I went to the class with the intention of staying for the first few minutes but I’ve gone to every class.” – Dr. Nolan Reilly (centre) with (l-r) Maureen Justiniano, Dr. Cullinane, Darlyne Bautista and Jan Nato at Dr. Mike’s evening lecture, Bayan Ko and the Anti-Marcos Movement
 
  Dr. Mike says good-bye at the end of a fun and productive week

Another student was Takahiro Senuma from Japan who signed up for the course after reading about it on a poster. He said that he knew very little about the Japanese occupation of the Philippines during the Second World War and he wanted to learn more.

If this first summer institute is any indication, a permanent Philippine Studies programme could prove to be valuable not only for Filipinos as a way to learn about their own culture but also as a way to promote the understanding of Filipino culture in the mainstream of Canadian society.

“This is really just the beginning,” said Cullinane, “it’s an effort to start something that is truly significant… The next step here, though, would be to integrate a more sustained programme and the key thing there would be to find someone in the community in Canada or the U.S. to be the centre of that. I think that would be a more substantial step [but] I love to do these summer institutes.

“My only regret about the class,” he continued, “was that we didn’t have enough time to just sit around and talk with people. If I came back again it might be to do something with a smaller group, to focus and combine some research and do some serious reading. In other words, take it to another step… and try to produce something. That would be fun.”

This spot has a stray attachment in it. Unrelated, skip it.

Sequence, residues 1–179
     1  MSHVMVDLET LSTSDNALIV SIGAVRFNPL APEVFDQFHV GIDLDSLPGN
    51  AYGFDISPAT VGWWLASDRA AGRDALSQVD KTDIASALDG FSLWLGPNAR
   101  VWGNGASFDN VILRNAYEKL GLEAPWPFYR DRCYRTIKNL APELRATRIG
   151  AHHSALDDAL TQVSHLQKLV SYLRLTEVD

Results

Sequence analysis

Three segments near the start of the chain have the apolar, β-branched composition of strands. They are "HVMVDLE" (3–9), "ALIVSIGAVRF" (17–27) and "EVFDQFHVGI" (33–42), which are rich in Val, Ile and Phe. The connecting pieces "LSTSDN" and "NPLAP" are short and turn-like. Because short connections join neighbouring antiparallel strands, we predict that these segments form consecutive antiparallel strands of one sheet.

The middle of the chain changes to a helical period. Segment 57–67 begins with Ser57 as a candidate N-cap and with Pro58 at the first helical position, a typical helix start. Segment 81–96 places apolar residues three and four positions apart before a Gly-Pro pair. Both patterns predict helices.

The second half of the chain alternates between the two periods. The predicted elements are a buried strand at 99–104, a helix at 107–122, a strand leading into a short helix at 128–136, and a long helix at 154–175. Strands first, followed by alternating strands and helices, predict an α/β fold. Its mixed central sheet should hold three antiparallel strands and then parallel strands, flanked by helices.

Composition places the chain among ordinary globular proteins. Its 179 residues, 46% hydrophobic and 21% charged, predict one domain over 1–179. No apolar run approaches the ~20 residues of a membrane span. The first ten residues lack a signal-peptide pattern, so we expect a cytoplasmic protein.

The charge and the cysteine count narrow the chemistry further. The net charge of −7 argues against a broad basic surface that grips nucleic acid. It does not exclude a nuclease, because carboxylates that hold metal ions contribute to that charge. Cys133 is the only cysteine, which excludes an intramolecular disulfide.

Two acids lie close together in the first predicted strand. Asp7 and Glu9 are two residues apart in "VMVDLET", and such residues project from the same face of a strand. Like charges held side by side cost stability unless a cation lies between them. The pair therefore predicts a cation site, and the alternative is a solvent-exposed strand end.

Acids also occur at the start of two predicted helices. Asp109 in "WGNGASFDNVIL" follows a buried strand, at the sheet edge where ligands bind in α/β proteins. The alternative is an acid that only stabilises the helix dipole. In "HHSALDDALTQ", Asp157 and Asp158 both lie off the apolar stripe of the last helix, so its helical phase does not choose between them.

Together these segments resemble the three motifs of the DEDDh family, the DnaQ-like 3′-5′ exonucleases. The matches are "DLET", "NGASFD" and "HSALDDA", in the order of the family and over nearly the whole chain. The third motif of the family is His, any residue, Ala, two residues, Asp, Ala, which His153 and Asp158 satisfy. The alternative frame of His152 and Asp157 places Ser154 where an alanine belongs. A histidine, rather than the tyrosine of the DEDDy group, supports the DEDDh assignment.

Dr. Cullinane also pointed out that a more focussed summer institute would not necessarily be about Filipino history; it could be on current political and economic affairs in the Philippines or sociology and anthropology with other instructors.

Concerning the course that was just completed, Cullinane said, “This class was an incredibly successful thing for me, because, first of all, it was fun because I got to teach about the Philippines, which is what I love to do, and secondly because the students were very responsive. Nobody fell asleep!”

Considering the pace that Dr. Mike and the ANAK students had set for themselves, sleep was a low priority. Apart from delivering a three-hour lecture every morning and one on Monday evening, Dr. Cullinane attended every evening function after touring the sites in and around Winnipeg with the ANAK group during the afternoons.

“It has been a very full experience. I already feel quite familiar with Winnipeg at this point – certainly with the Filipino community,” said Cullinane.
On the final day of the course, Dr. Mike showed no signs of slowing down when he went straight from the morning class to help decorate the U of W’s Riddell Hall for the wind up Barrio Piyesta, held later that evening.

“I spoke to my wife the other night,” he said, “and I was saying that I was hanging around with college students for the entire week as one of the ‘crew’ – and that’s actually been quite fun.”

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The “graduates” of Canada’s first Philippine Studies Summer Institute at the University of Winnipeg
Field trip to Oak Hammock Marsh
After-lecture dinner with Flor Marcelino, member of the Manitoba legislature (right)